It seems to me that there is a difference between a seasonal rental and an annual rental of premises that is used seasonally. The former involves a premises rented for the season, such as the summer season or the winter season. The latter involves a premises rented annually that is used by the renter only certain months of the year. The former is the type of residence described by a differently constituted panel in this court in Putnam as “accommodation for travellers, for vacationers, for anyone who needs temporary accommodation provided by someone other than themselves”. The latter cannot fit in that description. In my view the former is exempt by s. 5(a) and the latter is not.
 This interpretation, in my view, is consistent with a reading of s. 5(a) as a whole, where the accommodations listed are those used by persons needing temporary accommodations for travelling or vacationing purposes. Moreover, this interpretation is consistent with the reasoning of the court of appeal in Matthews where that court opined that a renter is entitled to the protection of the act “whether they live in their accommodation 52 weeks a year or some lesser amount of time, and whether the unit in question is their primary or secondary residence”.
 The lease in the case at hand fits into the latter category – namely an annual rental of premises used seasonally. Accordingly, the lease is not exempt and the respondent is entitled to the protection afforded by the Residential Tenancies Act.
In White v. Upper Thames River Conservation Authority (Ont CA, 2022) the Court of Appeal considered a land lease case, appealed from the LBT and through the Divisional Court. The original issue was the application of the RTA to the lots given that the lease called for seasonal periods of non-occupancy, a provision that had been waived extensively in practice. At the CA it was agreed that the RTA applied, and the only issue was the legality of the non-occupancy period provisions (the court held against their legality):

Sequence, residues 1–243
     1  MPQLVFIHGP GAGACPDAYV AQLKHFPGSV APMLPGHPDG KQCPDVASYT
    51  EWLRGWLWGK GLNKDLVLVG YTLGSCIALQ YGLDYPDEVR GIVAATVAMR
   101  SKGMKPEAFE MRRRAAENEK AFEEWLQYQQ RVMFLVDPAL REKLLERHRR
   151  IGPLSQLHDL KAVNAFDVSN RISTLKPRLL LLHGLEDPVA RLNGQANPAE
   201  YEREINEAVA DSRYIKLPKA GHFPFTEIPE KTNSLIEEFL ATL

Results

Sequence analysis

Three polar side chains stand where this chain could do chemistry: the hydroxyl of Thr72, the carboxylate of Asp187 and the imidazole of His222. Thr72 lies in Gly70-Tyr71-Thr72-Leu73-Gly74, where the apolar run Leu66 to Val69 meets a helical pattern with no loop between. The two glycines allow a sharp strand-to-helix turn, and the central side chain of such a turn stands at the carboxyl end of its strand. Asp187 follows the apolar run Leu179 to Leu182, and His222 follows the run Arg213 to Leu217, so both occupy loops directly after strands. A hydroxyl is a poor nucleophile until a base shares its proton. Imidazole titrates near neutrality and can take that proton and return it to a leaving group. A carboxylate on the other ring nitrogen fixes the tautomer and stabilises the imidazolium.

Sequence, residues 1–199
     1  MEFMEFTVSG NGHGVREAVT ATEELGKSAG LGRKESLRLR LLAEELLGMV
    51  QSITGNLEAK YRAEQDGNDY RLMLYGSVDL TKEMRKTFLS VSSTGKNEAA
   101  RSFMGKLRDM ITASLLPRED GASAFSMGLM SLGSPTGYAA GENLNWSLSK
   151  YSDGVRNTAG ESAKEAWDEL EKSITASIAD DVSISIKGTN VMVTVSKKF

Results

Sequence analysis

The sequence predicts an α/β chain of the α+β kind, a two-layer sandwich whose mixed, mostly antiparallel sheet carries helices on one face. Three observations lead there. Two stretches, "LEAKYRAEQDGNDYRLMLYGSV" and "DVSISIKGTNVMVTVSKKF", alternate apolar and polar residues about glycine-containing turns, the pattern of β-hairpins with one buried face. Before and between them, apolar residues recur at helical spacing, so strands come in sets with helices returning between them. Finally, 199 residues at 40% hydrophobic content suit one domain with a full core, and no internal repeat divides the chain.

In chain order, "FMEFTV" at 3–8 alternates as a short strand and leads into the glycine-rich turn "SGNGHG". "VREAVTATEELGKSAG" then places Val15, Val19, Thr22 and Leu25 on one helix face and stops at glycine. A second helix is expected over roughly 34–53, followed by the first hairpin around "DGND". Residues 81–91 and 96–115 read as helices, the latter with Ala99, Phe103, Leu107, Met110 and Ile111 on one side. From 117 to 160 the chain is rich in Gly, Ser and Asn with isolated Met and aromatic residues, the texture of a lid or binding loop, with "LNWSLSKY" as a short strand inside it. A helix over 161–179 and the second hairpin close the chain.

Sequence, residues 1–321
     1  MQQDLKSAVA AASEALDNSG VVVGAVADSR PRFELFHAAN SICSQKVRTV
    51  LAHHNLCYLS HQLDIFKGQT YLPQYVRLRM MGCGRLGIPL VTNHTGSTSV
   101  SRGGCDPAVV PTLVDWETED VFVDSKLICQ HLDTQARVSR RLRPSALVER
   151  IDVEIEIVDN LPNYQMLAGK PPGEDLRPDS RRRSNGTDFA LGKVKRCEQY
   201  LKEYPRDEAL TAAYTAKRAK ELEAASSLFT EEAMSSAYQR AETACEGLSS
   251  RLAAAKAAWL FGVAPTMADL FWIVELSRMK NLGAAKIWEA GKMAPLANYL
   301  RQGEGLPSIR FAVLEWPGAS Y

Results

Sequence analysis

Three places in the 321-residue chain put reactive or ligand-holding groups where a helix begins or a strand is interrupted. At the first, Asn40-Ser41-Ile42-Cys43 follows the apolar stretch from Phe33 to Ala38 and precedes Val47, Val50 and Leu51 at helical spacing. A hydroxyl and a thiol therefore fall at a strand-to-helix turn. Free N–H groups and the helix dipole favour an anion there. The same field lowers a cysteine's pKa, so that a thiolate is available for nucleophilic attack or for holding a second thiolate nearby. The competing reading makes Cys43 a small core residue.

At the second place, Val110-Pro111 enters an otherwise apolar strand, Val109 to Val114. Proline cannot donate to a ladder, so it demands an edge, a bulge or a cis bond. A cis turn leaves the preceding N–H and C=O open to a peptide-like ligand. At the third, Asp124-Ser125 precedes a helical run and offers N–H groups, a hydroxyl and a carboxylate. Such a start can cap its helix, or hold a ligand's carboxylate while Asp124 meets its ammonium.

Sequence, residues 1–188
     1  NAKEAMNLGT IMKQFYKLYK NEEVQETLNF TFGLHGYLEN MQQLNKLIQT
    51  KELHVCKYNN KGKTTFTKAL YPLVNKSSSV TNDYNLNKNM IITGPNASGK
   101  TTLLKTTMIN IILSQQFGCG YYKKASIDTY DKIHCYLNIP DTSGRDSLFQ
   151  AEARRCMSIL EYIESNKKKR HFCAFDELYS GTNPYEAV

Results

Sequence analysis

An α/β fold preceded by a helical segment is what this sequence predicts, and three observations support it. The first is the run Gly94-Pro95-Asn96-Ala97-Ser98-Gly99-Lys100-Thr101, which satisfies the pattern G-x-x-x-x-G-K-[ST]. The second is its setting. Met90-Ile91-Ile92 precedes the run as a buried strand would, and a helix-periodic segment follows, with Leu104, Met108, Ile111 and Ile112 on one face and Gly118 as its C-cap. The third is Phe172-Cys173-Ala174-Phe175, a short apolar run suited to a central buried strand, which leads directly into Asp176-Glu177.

The parties have a longstanding rental relationship that has always included occupancy limitations. It is unclear why the limitations were established. The respondent can suggest no purpose for them, nor does anything in the record indicate the practice at other conservation authorities in the province. The respondent is attempting to establish the legality of occupancy limitations it has chosen not to enforce for decades.. White v. Upper Thames River Conservation Authority
 Regardless of the provenance or utility of the occupancy limitations, the operation of the Act is clear: if the limitations are inconsistent with the Act they are rendered void by operation of s. 4.
 Plainly, occupancy limitations are not specifically permitted by the Act, but nor are they specifically prohibited. The Divisional Court considered that the absence of a specific prohibition was determinative, given the parties’ agreement to the limitations. In an apparent application of the expressio unius est exclusio alterius maxim, the court reasoned that because the Act includes some specific prohibitions – for example, the Act prohibits “no pet” provisions – the absence of a specific prohibition of occupancy limitations means that they must be permitted. The court reasoned that “[i]f there was a limitation regarding limiting access or occupation of a residential unit, the court would expect there to be a specific section of the Act dealing with this issue.” The court added: “It can hardly be said that when a party voluntarily agrees to a provision of the residential agreement that is not specifically provided for by the Act, this leads to a determination that the provision is inconsistent with the Act.”
 This reasoning is untenable. It does not necessarily follow from the specific prohibition of some things in an act that other things not specifically prohibited must be permitted. Whether this sort of negative implication can be drawn depends on context and common sense – as Scalia and Garner note, whether the thing specified “can reasonably be thought to be an expression of all that shares in the grant or prohibition involved: see Reading Law: The Interpretation of Legal Texts (St. Paul, MN: Thompson/West, 2012), at pp. 107-111. In this case, there is no reason to suppose that the Legislature’s decision to prohibit “no pet” provisions has anything to do with tenants’ right to occupy the units they rent.